Practice Areas Menu

Lessons from the Terri Schiavo Case

At this point, almost everybody has heard about the Terri Schiavo case. Whether you agree or disagree with the decision to remove her feeding tube, just about everyone has an opinion on the matter.

Terri Schiavo is a 41 year old Florida woman who has been in a persistent vegetative state since 1990 when a chemical imbalance caused cardiac arrest and led to brain damage. She was placed on a stomach feeding tube. Her husband, Michael, obtained guardianship over Terri and sought to have the feeding tube removed because he says she told him she never wanted to be kept alive through artificial means. Terri's parents have opposed taking her off the feeding tube and they and her husband have battled each other in the courts over this issue.

The issue in the Schiavo case is whether Terri would have wanted to continue to be fed by artificial means if she was in a persistent vegetative state. Would she wanted to have been kept alive in this manner or would she have wanted the feeding tube removed and to allow nature to take its course? Ultimately the courts have all determined that she would not have wanted to be kept alive through artificial means.

If anything good comes from the life-and-death debate over Terri Schiavo, it might be this: more persons should realize they can spare their families a similar plight with a simple signature or two. This case is a tragic one that has torn a family apart. But it is a tragedy that didn't have to happen.

Had Terri Schiavo had a living will, it is likely that the legal battles would not be taking place at all or, would have been more limited. Had she had a living will, her family and her husband, as well as the courts, would have known what she would have wanted. If her beliefs were made known, everyone could have done want she wanted, rather than leaving it up to a court to make a decision as to what she wanted.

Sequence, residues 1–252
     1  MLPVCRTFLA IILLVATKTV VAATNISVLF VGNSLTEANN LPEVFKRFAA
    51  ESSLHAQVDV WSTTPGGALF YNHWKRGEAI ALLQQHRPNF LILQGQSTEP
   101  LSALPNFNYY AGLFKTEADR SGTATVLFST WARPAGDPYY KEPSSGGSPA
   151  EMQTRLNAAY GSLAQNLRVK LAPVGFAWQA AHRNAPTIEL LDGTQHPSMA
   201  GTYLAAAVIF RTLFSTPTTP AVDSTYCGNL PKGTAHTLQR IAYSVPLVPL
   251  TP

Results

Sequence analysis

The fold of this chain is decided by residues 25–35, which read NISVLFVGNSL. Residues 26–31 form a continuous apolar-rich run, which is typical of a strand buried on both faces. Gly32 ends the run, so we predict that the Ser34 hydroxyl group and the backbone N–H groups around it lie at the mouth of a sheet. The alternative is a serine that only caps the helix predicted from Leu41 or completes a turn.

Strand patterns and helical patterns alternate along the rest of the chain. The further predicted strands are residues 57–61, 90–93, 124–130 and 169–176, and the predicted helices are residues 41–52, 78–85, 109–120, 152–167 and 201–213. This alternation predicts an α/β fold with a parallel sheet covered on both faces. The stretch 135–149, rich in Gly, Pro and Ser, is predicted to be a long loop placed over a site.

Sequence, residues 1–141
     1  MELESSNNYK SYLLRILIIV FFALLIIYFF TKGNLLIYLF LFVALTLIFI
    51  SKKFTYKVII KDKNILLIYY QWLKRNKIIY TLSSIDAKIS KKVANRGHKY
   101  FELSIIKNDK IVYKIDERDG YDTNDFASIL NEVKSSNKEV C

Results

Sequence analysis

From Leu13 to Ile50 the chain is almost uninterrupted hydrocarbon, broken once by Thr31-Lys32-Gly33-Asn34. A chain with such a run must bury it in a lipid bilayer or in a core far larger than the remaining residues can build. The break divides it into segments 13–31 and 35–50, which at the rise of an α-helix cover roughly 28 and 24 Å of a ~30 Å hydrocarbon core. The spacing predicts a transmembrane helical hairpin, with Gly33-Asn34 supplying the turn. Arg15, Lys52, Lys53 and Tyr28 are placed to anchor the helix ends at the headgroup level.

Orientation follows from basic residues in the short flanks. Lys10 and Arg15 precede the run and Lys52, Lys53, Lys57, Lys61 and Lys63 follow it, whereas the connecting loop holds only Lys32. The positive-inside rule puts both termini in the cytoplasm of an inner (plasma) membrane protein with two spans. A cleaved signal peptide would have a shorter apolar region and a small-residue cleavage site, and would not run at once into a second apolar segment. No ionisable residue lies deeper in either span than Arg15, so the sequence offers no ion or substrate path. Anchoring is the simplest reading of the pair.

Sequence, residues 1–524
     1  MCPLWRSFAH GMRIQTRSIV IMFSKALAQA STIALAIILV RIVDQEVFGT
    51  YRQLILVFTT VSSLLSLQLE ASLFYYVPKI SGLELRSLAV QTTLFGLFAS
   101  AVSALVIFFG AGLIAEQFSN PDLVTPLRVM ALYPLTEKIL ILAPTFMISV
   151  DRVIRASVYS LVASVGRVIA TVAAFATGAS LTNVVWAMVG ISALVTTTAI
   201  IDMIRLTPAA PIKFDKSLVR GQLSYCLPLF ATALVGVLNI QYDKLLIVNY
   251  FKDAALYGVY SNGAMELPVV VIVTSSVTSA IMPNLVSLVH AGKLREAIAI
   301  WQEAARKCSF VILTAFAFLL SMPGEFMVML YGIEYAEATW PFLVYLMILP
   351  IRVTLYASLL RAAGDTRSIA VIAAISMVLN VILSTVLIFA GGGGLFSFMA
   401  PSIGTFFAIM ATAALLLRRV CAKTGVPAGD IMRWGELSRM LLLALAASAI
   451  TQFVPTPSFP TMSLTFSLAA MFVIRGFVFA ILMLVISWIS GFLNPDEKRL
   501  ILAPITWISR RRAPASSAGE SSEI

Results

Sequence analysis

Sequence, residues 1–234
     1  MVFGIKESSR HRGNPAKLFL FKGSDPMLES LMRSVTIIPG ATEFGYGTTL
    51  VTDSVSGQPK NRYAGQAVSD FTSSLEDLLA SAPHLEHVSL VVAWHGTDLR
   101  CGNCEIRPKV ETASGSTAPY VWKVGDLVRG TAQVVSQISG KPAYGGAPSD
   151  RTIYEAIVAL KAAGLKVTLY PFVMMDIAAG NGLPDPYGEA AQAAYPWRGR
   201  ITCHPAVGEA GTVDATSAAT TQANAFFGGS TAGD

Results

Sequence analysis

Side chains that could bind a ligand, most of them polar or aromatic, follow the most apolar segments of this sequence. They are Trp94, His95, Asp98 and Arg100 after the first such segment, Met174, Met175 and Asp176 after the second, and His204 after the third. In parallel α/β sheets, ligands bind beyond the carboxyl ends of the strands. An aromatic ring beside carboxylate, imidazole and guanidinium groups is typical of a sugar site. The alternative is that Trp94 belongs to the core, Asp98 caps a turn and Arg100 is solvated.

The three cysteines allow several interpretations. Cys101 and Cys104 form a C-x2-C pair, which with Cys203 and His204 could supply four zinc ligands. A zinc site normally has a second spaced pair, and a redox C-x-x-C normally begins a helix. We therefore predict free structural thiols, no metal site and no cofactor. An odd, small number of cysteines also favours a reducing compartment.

There are several important lessons we can learn from this case. First, everyone should consider what they would want in the event that they were to be in the same condition as Terri Schiavo. This is not an easy thing to do. No one enjoys thinking about their own mortality. Although it is perfectly natural to avoid thinking about life and death situations, sometimes it is necessary to do so.

Second, thinking about what you want is a necessary first step, but beyond that, it is necessary to put your thoughts into writing. The only way to do this is to sign a living will, what we in New Jersey call an "Advance Directive for Health Care". By putting your thoughts into a living will, your family, friends, health care professionals and even a court will know your desires if the event should happen.

Third, many people mistakenly believe that living wills are only for the elderly and sick. When we are young and healthy, we tend to believe that living wills are not necessary. The Schiavo case shows that this kind of tragedy can strike anyone, regardless of their age, and that everyone should have a living will.

If you are going to sign a living will, make sure that it is one that meets with New Jersey's Advance Directive for Health Care law. Merely because a document says "Living Will" does not mean it that it meets the New Jersey law. Further, all living wills must be signed with the same formalities as a Last Will and Testament. Having a living will that does not comply with the law may be the same as having no living will at all. We suggest that if you going to have a living will, it be prepared by an attorney so that you know it will meet the state's laws.

Hopefully, as a result of the Schiavo case, everyone will consider signing a living will. If this were to happen, Terri's plight will not have been in vain.